And so is Rays principal owner Stuart Sternberg,

    And they are scheduled to meet with the media.

    But before you get excited - or riled up - know it's not to make any big announcement on the stadium or the overall future …

  2. Bucs running back's gamble pays off for his mom

    Bucs

    TAMPA — When Peyton Barber decided to leave Auburn after his sophomore year, with only one season as a starting running back, it was a risky decision, one he hoped would let him help out his family back home in suburban Atlanta.

    Tampa Bay Buccaneers running back Peyton Barber (43) takes the field with an American flag before a preseason game between the Tampa Bay Buccaneers and Washington Redskins at Raymond James Stadium in Tampa, Fla., on Wednesday, Aug. 31, 2016. LOREN ELLIOTT   |   Times
  3. Officials say Trump's Afghan plan involves 3,900 more troops

    National

    WASHINGTON — President Donald Trump's plan to end the stalemate in America's longest war and eliminate Afghanistan's rising extremist threat involves sending up to 3,900 additional U.S. forces, senior officials said Tuesday. The first deployments could take place within days.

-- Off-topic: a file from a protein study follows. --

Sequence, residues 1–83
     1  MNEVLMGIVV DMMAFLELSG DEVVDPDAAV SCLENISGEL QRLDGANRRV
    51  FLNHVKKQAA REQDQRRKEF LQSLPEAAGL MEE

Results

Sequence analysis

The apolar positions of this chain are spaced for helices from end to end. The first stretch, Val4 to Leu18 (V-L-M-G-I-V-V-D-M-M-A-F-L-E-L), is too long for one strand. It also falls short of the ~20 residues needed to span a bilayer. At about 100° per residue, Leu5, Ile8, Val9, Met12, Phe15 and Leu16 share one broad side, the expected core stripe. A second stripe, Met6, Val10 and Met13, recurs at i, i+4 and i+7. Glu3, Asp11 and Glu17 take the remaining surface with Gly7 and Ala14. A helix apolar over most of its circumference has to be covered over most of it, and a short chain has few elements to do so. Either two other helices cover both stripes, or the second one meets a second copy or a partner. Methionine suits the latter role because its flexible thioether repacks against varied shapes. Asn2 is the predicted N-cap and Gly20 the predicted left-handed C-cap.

President Donald Trump speaks at Fort Myer in Arlington Va., Monday, Aug. 21, 2017, during a Presidential Address to the Nation about a strategy he believes will best position the U.S. to eventually declare victory in Afghanistan. [Associated Press]
  4. 'Cavern' closes westbound lanes on E Fletcher Avenue in Hillsborough County

    Roads

    Westbound lanes of E Fletcher Avenue are closed near the Hillsborough River to repair what the Hillsborough County Sheriff's Office terms a "cavern" that formed under the roadway.

  5. Joss Whedon's ex-wife accuses him of cheating, being 'hypocrite preaching feminist ideals'

    Celebrities

    Joss Whedon made his name directing cult television shows such as Buffy the Vampire Slayer and big-budget action movies, which often featured women in empowering roles. Many applauded him for being a champion of women, a feminist in an industry accused of misogyny and sexism.

    Joss Whedon at the screening of "Much Ado About Nothing" in 2014. Whedon's ex-wife Kai Cole alleged in an essay published by The Wrap on Sunday that Whedon had multiple affairs during their 16-year marriage. (Associated Press)